By Dennis Cook
Chris Thile and the How To Grow A Band
02.25.07 :: The Independent :: San Francisco, CA
"This is a Radiohead song we all really like," said Chris Thile as he strapped on his mandolin for the encore. It's an unlikely thing to hear from what, on the surface, appears to be a very pure string band. On hiatus from Nickel Creek, the Mingus of Mandolin cut through the San Fran drizzle with a dazzling Sunday night service.
Drawing largely from Thile's debut release with this aggregate of superlative pickers, How To Grow A Woman From The Ground, this intimate two-set performance seamlessly wove together Bach, bluegrass, white country blues, and indie rock with room for Latin tangents and bebop-worthy soloing. Eclecticism like this can seem like a rough hand swinging down a radio dial but these boys made everything flow with almost unnerving ease. Like most true musicians, this is how they hear music in their heads – overlapping congruencies instead of neat, saleable divisions.
To wit, the final stretch ran from a twirling, modal original instrumental called "The Beekeeper" to a yodeling, barnstormin' rendition of the great Jimmie Rodgers' "Brakeman's Blues" to an angular, hypnotic reading of Radiohead's "Morning Bell" that incongruously emerged into a dusty hoedown. That the Radiohead they chose came from the troubled, experimental Kid A and not the better-known OK Computer is telling. Thile and company mine for silver anywhere that opens up to them. What they forge from that raw material is strong, intricate, and flashing bright.
Besides Thile, the quintet includes Gabe Witcher (violin) and former Leftover Salmon-ers Noam Pikelny (banjo) and Greg Garrison (bass). Replacing Chris Eldridge, who played on the studio session, was celebrated acoustic guitarist Bryan Sutton. The speed, control, and sheer beauty of their playing, both collectively and as individuals, is breathtaking. Led by the enduringly youthful Thile, their singing and instruments blended in a way that reminded us of the enormous power to please lying inside wood, wires, and the human voice. Dressed in weathered jeans and an ad hoc mix of well-loved sweaters and jackets, they brought to mind The Band or David Grisman's '70s groups – lightly tossled, bohemian-gentleman players.
Chris Thile by Erin Spurling
There's a lot of good acoustic string-based bands out there. And while the musicianship is almost always stellar, the material often feels like a mere retread of Bill Monroe or Django Reinhardt. The difference comes in the choice of material, and this is where the How To Grow A Band has it all over the competition. Besides his own singular compositional vision, Thile brought in great tunes from Gillian Welch & David Rawlings ("Wayside"), The White Stripes ("Dead Leaves and the Dirty Ground"), fantastic Galician chamber folk band Milladoiro ("O Santo de Polvora"), and especially rousing takes on The Band's "Ophelia" (with Witcher on lead vocals) and The Strokes' "Heart In A Cage." It's a freewheeling variety that compares well with Chatham County Line, The Hackensaw Boys, and The Gourds, but frankly betters them in several regards.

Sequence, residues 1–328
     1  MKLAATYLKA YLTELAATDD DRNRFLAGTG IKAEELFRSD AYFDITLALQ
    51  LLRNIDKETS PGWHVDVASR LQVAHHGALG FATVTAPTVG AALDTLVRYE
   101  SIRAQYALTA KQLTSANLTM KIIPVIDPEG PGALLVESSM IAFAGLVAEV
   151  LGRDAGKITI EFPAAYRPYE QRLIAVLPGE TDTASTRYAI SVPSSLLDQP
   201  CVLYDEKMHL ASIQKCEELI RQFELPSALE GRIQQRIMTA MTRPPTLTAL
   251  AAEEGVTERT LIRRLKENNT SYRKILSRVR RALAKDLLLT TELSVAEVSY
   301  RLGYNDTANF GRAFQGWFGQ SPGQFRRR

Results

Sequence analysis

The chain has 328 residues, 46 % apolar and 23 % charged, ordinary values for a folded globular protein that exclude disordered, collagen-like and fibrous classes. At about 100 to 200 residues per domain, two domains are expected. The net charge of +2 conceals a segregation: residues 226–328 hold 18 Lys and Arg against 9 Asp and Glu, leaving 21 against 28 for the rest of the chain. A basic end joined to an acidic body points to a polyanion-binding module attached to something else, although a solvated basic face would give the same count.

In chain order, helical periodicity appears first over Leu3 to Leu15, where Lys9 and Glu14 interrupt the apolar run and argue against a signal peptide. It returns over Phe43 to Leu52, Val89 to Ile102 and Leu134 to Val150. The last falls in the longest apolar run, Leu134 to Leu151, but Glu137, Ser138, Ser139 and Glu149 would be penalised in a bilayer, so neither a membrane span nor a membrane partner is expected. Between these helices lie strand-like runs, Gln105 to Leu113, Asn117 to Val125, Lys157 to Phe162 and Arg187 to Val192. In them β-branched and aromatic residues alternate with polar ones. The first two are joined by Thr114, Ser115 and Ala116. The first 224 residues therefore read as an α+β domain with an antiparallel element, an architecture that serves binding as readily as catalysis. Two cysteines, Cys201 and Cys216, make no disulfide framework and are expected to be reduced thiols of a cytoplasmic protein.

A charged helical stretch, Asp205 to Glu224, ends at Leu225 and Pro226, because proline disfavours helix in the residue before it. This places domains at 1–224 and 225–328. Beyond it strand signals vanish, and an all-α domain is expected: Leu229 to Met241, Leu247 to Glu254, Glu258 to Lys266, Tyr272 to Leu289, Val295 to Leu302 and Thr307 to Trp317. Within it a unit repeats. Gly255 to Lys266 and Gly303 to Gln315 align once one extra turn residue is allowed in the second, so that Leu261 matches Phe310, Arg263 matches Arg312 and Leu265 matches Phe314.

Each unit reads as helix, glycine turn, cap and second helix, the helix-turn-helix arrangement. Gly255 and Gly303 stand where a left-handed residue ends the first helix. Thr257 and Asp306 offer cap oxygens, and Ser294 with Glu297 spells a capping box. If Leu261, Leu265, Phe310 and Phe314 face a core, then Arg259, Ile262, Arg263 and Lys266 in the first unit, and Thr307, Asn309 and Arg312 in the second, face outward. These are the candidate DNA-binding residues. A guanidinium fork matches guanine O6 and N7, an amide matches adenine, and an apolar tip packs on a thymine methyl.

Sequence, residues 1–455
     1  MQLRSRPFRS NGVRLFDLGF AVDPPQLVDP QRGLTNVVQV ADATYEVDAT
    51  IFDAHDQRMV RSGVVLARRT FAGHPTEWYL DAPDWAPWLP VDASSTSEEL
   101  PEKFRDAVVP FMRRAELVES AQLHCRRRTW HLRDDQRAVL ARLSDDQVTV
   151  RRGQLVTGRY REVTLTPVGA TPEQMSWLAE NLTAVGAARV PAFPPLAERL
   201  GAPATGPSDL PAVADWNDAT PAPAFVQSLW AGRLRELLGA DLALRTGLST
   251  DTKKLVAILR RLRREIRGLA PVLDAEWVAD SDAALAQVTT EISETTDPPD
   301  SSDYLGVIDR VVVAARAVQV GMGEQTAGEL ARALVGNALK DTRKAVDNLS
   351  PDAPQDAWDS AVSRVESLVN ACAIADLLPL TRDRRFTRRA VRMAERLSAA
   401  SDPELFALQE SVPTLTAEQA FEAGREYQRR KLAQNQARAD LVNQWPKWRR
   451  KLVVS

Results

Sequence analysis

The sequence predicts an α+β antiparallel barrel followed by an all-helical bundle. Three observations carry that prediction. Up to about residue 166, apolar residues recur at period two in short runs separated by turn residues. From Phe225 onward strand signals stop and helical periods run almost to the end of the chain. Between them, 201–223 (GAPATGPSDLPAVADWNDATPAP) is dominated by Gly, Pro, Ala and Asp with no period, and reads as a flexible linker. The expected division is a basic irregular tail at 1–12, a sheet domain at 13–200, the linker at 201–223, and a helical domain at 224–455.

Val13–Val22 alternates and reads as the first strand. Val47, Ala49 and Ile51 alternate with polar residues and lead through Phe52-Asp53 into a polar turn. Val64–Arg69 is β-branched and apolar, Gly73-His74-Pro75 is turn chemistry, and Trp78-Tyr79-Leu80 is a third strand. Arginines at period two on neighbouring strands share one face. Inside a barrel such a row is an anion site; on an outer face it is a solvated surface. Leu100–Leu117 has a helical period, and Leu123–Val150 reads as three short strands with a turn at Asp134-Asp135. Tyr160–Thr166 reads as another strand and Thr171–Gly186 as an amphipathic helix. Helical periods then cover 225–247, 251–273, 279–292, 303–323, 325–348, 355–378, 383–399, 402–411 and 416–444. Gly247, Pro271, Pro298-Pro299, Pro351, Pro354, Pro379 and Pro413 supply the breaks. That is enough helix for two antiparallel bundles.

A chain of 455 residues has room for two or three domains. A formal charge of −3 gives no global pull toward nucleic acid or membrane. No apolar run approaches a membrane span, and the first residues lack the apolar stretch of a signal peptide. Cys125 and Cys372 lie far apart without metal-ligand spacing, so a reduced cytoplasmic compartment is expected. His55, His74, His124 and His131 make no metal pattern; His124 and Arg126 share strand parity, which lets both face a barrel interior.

There's a melancholy sense of revelation to Thile's recent work, inspired by a painful divorce a short while back. This mood was most prevalent in the first movement of a new piece tentatively titled "The Blind Leaving The Blind" that will be featured on the group's upcoming second release. Beginning with the line, "Tell me what you want me to think," it dives into deep waters cut by lovely musical interludes and an overlapping group dynamic that's simply unlike anything else in the string game today.
The largely seated audience drank all of this in with hushed attentiveness. It was a genuine treat to have the collective focus be on the music instead of the usual fight to hear over endless chatter and drunken rustling. While much of this was a good ol' foot stompin' time, there's a lot that would be missed if one's ears weren't tuned into the curves and twists inside this music. Thile, glass of whiskey in hand, rewarded our respectful attentions with anecdotes and witty retorts worthy of the Rat Pack in their Vegas heyday. Despite his age, Thile is a stage veteran. That he chooses to use this forum to fearlessly probe both the sunlight and the darkness in his soul is what makes him, and the company he keeps, true greats.
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